Plants to Plastics—Can Nature Compete in Commodity Polymers?

Feb 9, 2012

WHITE PLAINS, NY – Nexant, Inc. announced today the publication of Plants to Plastics—Can Nature Compete in Commodity Polymers?, the newest title in its series of ChemSystems Special Reports.

As concerns about carbon footprints and sustainability continue to grow—and with oil prices rising above $100 per barrel—some of the world's biggest players in the chemical industry are seeking new feedstocks and products from renewable sources.

Nexant’s new report analyzes the available technologies for producing commodity polymers via renewable resources. It investigates alternative feedstock routes and feedstock sources and provides an economic comparison of conventional and alternative routes to commodity polymers. Going forward, chemical intermediates produced in this fashion could significantly supplement petroleum feedstocks.   

Plants to Plastics—Can Nature Compete in Commodity Polymers? provides independent, unbiased assessments of such technologies. These assessments are critical to polymers producers and investors seeking to enhance their business by incorporating technologies based on renewable resources and feedstocks. The report covers:

  • Bio-based technologies for the production of feedstocks and intermediates leading to the commodity polymers: PE, PP, PVC, and PET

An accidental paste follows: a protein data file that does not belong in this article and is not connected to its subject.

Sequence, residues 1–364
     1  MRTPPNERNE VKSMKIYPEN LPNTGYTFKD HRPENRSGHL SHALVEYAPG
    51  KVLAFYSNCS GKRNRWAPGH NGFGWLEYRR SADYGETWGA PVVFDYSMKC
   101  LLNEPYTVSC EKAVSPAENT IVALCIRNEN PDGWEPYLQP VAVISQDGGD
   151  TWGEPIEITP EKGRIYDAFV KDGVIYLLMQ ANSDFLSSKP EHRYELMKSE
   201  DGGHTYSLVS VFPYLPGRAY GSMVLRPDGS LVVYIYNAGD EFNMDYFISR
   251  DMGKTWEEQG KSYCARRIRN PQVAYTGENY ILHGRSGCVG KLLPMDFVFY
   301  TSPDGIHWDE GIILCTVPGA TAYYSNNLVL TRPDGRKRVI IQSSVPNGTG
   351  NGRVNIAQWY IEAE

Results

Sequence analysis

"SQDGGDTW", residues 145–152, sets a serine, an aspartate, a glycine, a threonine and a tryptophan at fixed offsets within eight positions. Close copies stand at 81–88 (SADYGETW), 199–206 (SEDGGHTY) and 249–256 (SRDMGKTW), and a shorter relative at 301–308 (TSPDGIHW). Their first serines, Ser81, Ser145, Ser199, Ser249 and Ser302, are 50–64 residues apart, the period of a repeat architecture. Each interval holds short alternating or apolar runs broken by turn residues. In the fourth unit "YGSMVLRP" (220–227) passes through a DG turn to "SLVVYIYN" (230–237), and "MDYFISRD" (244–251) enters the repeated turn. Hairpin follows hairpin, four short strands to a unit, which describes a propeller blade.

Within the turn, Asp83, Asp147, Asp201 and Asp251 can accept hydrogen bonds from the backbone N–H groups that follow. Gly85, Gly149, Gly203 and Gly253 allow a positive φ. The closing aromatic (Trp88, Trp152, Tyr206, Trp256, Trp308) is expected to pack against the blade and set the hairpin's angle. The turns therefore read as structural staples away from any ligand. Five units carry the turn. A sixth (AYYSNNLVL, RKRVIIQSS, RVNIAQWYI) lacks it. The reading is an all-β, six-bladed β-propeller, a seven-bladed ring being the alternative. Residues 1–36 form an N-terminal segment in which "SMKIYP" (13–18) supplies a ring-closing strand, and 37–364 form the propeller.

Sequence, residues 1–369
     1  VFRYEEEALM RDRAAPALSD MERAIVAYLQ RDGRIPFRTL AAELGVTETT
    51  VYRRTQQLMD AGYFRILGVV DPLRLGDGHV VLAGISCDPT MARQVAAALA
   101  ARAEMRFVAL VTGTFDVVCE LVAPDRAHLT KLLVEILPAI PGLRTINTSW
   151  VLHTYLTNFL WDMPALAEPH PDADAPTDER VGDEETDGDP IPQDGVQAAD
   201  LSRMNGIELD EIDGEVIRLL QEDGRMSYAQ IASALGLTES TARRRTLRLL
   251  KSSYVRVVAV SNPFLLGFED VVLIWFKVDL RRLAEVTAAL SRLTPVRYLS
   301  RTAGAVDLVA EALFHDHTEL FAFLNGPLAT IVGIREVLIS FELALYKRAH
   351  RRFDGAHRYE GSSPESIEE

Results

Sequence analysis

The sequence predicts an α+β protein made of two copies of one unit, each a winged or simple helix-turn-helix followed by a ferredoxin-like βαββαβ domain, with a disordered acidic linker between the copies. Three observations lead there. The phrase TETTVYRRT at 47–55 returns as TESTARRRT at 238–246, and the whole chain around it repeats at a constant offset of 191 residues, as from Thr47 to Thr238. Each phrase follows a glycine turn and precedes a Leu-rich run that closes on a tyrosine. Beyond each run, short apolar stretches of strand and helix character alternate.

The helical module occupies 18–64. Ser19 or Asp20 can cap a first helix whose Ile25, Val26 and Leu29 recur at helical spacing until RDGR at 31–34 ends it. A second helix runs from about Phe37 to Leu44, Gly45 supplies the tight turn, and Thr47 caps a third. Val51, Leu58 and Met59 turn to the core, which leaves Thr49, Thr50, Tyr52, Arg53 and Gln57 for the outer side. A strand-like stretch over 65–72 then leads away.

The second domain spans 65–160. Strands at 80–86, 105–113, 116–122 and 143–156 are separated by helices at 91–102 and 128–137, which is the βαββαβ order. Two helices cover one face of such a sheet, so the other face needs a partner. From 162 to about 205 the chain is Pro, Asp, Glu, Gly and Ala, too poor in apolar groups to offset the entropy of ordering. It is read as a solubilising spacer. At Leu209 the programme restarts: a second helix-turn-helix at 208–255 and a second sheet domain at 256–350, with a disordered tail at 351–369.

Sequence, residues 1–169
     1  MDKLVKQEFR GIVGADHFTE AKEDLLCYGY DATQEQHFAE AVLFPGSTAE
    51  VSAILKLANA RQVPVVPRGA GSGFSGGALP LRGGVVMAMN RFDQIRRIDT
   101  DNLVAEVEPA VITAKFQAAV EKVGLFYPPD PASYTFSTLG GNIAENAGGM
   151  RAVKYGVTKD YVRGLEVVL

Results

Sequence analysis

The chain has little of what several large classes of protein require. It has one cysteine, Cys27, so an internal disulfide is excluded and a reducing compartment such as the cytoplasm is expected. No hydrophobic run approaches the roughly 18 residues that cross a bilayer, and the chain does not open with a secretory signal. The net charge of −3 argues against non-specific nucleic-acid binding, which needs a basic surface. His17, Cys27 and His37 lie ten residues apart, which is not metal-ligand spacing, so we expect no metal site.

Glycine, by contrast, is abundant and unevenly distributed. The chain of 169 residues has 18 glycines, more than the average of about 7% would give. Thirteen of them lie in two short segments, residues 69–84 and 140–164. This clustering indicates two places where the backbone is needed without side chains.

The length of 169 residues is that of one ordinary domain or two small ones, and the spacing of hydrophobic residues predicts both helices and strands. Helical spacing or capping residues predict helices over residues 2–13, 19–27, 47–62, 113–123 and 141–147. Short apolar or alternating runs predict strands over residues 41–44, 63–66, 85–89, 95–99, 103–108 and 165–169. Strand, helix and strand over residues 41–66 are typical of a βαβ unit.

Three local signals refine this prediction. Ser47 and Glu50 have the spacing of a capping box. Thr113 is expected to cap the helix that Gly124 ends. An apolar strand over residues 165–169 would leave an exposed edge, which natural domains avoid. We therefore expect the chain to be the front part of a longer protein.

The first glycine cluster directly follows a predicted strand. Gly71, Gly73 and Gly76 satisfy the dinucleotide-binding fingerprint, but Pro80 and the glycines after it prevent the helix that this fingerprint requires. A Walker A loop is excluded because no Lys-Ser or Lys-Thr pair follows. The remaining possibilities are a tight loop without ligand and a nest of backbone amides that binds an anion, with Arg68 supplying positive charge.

• New technological developments
  • Comparison economics of the bio-based routes with conventional routes
  • Commercial status of green polymers
  • Market outlook for the commodity polymers

The report analyzes technologies, feedstocks, and intermediates—downstream to commodity polymers.  It investigates renewable feedstocks, such as corn, sugarcane, and other types of biomass that could provide an alternative to the traditional petrochemical feedstocks that are currently driving the polymer industry.  A number of sensitivities were also included to show the effect that different prices for crude oil, natural gas, and propylene can have on some processes.  
In addition, the report highlights some alternative routes to intermediates such as:

  • A speculative route to polyethylene utilizing a methanol-to-olefins bio-based route
  • A speculative route to polypropylene utilizing a fermentation-to-propanol route
  • A bio-based route to para-xylene utilizing biomass such as wood chips

Plants to Plastics—Can Nature Compete in Commodity Polymers? is available immediately.  For more information on this and other Nexant reports, please visit: or contact Jim Virosco at or Leon Mavridis at